Monday, November 14, 2011

Top 9 Tips for DUI Lawyers

Top 9 Tips for DUI Lawyers

Defending a DUI case can be tricky – especially if there are several negative factors stacked up against your client. But the good news is, it’s not impossible. There are many things DUI accident attorneys can do to successfully defend clients and help protect their rights if accused of a DUI.

This article courtesy of the accident lawyer experts at Accidents.com.

The following tips will help you make big strides toward a positive outcome – and most of all, helping your client move on with their life:

• Be polite at all times – Appeal to the jury by being professional, courteous, and polite at all times:
o Dress appropriately and have your client do the same – Professional business clothing like a business suit, skirt, or nice slacks. You should also advise your client to keep jewelry to a minimum.
o Don’t grimace during negative testimony – Even if what’s being stated about your client is negative, keep in mind – you’ll always have the opportunity to address it later and explain any of these negative statements.
o It’s okay to smile – If something humorous comes up during the trial, don’t be afraid to chuckle (as long as the judge is doing the same). You don’t need to stay 100% straight-faced the whole time.
• Make sure your opening statement is strong – The opening statement is the first thing the jury and judge will hear, so it’s the ideal time to tell your client’s side of the story. Make sure your statement immediately strikes against the jury’s presumption of guilt. For example: If the report shows your client performed well in the field sobriety test, make sure you let the jury know that.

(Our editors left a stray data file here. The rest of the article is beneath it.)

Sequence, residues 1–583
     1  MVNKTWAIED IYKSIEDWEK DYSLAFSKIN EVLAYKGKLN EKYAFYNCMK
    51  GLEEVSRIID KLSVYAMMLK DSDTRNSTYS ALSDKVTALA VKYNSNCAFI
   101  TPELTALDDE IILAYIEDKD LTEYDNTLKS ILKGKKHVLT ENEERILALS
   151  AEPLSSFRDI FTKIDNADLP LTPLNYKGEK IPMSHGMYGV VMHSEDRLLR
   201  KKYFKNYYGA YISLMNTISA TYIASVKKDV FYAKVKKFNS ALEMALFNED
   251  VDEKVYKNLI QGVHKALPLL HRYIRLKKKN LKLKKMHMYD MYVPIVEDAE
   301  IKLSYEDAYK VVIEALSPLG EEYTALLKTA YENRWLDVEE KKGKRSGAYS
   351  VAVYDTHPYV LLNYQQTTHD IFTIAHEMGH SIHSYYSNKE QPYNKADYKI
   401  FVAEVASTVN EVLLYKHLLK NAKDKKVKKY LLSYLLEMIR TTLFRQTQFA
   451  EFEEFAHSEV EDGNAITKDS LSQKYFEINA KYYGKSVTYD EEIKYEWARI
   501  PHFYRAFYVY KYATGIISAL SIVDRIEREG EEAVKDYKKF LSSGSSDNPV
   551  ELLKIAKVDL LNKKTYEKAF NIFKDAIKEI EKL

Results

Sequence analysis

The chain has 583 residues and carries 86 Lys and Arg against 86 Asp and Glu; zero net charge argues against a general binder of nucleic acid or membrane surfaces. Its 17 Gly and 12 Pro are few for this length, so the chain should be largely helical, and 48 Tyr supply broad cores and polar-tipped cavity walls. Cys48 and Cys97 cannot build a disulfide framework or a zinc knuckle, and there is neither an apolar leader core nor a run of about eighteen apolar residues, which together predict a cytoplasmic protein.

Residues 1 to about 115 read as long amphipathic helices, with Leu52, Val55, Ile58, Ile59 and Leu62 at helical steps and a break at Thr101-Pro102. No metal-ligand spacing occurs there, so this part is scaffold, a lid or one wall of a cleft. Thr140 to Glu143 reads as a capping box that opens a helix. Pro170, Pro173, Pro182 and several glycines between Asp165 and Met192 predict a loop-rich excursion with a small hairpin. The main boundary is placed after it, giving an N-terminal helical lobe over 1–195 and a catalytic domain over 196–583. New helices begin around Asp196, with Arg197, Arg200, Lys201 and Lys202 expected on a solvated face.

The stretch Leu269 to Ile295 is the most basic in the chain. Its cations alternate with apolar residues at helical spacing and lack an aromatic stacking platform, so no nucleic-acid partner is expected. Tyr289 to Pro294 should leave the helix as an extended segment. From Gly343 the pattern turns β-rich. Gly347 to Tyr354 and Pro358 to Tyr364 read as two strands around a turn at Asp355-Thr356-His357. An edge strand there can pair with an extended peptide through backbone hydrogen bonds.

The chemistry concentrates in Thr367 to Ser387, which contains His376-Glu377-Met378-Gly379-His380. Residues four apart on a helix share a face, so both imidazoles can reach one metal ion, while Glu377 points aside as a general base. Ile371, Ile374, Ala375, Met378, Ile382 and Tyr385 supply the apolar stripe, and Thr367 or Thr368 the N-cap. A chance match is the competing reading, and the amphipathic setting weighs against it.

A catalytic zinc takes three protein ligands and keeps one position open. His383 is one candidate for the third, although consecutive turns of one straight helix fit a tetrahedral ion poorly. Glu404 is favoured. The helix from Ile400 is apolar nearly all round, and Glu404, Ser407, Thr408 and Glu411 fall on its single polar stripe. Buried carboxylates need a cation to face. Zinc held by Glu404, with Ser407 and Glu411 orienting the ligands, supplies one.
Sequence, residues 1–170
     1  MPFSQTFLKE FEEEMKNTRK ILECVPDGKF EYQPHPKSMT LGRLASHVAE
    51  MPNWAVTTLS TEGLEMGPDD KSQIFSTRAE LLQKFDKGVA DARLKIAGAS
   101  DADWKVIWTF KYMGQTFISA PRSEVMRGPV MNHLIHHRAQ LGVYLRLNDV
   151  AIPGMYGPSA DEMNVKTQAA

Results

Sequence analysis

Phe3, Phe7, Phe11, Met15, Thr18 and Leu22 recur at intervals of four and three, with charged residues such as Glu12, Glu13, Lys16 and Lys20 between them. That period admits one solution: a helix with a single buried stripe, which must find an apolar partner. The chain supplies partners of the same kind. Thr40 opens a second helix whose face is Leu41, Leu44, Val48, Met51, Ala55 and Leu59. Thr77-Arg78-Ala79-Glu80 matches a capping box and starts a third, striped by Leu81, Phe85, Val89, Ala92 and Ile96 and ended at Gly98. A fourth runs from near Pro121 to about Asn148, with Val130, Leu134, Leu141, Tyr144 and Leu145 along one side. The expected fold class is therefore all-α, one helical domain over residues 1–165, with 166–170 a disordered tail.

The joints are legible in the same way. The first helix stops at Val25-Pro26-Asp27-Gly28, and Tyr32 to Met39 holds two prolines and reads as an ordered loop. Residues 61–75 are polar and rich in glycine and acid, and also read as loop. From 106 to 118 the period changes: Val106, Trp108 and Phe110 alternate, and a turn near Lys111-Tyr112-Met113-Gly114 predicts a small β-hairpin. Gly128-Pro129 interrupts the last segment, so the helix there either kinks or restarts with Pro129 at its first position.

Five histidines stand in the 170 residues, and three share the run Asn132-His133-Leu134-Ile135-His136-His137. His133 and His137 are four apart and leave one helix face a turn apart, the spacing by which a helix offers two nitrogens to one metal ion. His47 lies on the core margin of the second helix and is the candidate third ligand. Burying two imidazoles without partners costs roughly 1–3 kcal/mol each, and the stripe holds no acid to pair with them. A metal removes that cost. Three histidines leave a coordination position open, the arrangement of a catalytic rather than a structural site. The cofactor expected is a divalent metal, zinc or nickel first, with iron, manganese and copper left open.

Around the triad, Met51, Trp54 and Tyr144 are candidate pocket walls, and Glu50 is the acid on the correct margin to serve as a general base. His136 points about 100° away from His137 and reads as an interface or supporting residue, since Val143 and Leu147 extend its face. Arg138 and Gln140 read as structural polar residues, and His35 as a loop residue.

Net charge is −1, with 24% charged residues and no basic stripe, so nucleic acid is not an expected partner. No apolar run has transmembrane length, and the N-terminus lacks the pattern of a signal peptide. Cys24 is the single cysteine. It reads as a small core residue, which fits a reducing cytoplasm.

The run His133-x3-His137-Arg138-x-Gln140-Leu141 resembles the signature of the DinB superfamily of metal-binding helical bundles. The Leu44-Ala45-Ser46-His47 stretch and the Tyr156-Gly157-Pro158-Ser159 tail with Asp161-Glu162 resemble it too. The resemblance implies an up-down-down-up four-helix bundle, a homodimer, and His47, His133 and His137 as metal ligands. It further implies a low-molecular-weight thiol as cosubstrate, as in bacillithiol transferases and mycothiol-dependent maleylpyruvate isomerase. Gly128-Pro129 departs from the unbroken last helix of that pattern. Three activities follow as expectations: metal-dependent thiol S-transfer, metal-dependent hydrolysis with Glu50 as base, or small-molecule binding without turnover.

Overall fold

• Keep your defense simple – Members of the jury are likely citizens of your community, so they’re not well versed on DUI laws. Keep your defense simple and let them know exactly what happened and why. This will be much more effective than an elaborate story.
• Emphasize cooperation – If your client was cordial and cooperative with the police officer, be sure to let the jury know that. If you have proof through a video or audio recording, even better. Cooperative people are viewed in a much more positive light.
• Explain Breathalyzer and blood alcohol tests – Many members of the general public don’t know the facts behind Breathalyzer and blood alcohol tests; they just know what they’ve learned from a friend, family member, or coworker who’ve been involved in a DUI case. Let them know the facts behind it, how the testing process works, and how results are measured. The more they can understand about the process, the better.
• Let them know exactly what you want – Perhaps most important of all is letting the jury know exactly what you want. You’ve spent long hours on the case, and it would be a shame if you didn’t tell the jury what you wanted. For example: If you want your client acquitted of all charges, make that known.

This is just a start to the many things you should know when involved with a DUI case – but each of them can be a big help in protecting your client’s rights.